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Offline AndyCivil

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Re: Maximum ISO?
« Reply #23 on: August 16, 2013, 08:34:10 PM »
It's going to take me a while to analyse your post and see if I agree with you. Meanwhile, consider two photos of the same scene:
1. a shot taken at ISO 1600 for 1/20
2. a shot taken at ISO 3200 for 1/20 and then darkened by one stop in LightRoom
do you think there will be any difference in the noise performance? If so, which is better, and what causes the improvement?
If you answer this for me, it will help me understand your post.

Offline Skippy

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Re: Maximum ISO?
« Reply #24 on: August 19, 2013, 12:24:44 PM »
Nice post GregDunn. I know that it has been discussed all over the net but ETTR really does pay off when using higher ISO's. The channels to the right side of the histogram are way higher bit rates thus having the information over there and then pulling it down in post is a great solution.

Yes I did touch on that up there but I think you did a pretty good job of getting the word out.

(Edit to add that ETTR is Exposure To The Right for anyone that might not already know that. If you are looking at a histogram on your lcd and you take a second picture but raise the exposure without major clipping then that moves the entire histogram data to the right. Just to test it take a typical shot then take the same shot at 2/3rds or even 1 stop over. By default I shot at 2/3rds over but will adjust on the fly according to the scene and the histogram. The point is the more data to the right, the more overall data you will have to work with. )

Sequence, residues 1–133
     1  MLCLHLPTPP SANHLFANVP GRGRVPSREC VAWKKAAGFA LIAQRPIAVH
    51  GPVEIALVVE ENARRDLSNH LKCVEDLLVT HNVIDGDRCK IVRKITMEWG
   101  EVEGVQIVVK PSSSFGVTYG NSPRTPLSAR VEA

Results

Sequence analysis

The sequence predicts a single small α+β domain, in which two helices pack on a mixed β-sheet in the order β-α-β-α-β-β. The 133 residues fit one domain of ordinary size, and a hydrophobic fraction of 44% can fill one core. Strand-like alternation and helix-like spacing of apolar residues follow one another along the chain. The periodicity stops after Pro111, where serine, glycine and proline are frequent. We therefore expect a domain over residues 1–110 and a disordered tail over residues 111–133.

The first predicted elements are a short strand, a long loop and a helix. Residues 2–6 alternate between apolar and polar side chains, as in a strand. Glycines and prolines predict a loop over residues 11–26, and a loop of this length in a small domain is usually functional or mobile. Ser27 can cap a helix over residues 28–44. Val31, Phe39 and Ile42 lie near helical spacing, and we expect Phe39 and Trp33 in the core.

« Last Edit: August 19, 2013, 12:30:03 PM by Skippy »
I'm an old film guy just playing catchup in this digital world. Help me out.

square root of 2:   f/1, f/1.4, f/2, f/2.8, f/4, f/5.6, f/8, f/11, f/16, f/22, f/32, f/45, f/64, f/90, f/128

Camera simulator. http://www.kamerasimulator.se/eng/?page_id=2